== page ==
Questions raised over new sponsor of struggling Ipswich Academy, Paradigm Trust

Ipswich Academy.

Ipswich Academy. - Credit: Su Anderson

A shadow of doubt has been cast over the capability of the new sponsor of a struggling academy in Ipswich.

Paradigm Trust is to replace the Learning Schools Trust which is currently running Ipswich Academy, formerly Holywells High School.

The academy was placed into special measures in January after a damning Ofsted report. But questions have been raised as the new trust is based around 75 miles away in east London and has no record of working with a secondary school.

Paradigm Trust says it has successfully delivered “significant school improvement” on “three separate occasions” in schools that were in special measures.

Graham White, secretary of the Suffolk branch of the National Union of Teachers, said: “We know very little about the new sponsors and they do not seem to have a strong track record at turning around schools; the evidence does not seem to be clear to me,” he said.

“We are always happy though for people to work collaboratively in schools but I am not sure how the collaboration will work when the sponsor is a long way from Ipswich Academy.”

David Ellesmere, Labour’s General Election candidate for Ipswich, said the trust does not inspire him with “any great confidence”.

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“Their track record is only running primary schools rather than secondary schools, so how can we have any confidence that they are able to turn Ipswich Academy around?,” he said.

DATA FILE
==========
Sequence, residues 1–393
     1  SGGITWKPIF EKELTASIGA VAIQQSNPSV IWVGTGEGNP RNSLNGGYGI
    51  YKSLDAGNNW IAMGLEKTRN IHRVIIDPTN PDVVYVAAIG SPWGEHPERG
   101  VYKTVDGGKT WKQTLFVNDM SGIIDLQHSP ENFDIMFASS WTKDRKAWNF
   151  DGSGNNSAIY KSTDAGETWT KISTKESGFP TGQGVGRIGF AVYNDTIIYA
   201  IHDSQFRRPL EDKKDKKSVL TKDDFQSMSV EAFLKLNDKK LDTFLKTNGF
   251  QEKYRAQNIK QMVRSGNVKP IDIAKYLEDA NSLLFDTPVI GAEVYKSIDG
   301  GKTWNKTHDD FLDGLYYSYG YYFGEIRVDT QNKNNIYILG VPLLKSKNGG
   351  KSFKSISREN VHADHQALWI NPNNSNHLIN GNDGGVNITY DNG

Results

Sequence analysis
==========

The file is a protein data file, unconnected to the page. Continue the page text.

Ben Gummer, the Conservative General Election candidate for Ipswich, defended the trust and questioned the claims made by Mr Ellesmere and Mr White.

He said: “The trust was formed by people who have done a sterling job with schools in very difficult circumstances, some which have faced even more problems than Ipswich Academy.

“I like their focus on discipline and exceptional teaching and great leadership. I have got no doubt that they are going to make a difference, but I am going to keep them up to the mark and make sure they produce the results.”

When it was formed in 2013, Paradigm Trust, was running two schools: Old Ford Primary Academy and Culloden Primary Academy, both in London. Old Ford had an “outstanding” Ofsted at that time, while Culloden was recognised as “good”.

The trust’s executive principal, who according to company’s finances earned £189,624 in 2014, is Amanda Phillips.

She said: “I became headteacher of Old Ford in 2003 and executive headteacher of Culloden in 2006. Old Ford was in serious weaknesses, having been previously in and out of special measures, and Culloden was ‘causing grave concern’ to the local authority at the time when I took over.

“By 2008 Old Ford was judged by Ofsted to be outstanding and in 2009 Culloden was judged by Ofsted to be good with outstanding features. Both schools still hold the same status with Ofsted.”

The trust took over its third school, Solebay Primary Academy, also in London, in September last year which had a “requires improvement” Ofsted grade. The trust claims the school has now been judged in an external review as “good” with “outstanding” leadership and management.

Responding to claims about the trust’s record of working with secondary schools, Ms Phillips said her leadership team have “previous experience of working in secondary education”. She added that the trust would work to “develop local partnerships” with education bodies in Suffolk.

On Ms Phillips’ salary, Christopher Crozier, chairman of the Paradigm Trust board said: “We are extremely fortunate in having Amanda; she is a very experienced leader and is renowned for her tireless work to raise the achievement of pupils, often in the most challenging of circumstances.”

The trust will take over the running of Ipswich Academy from September.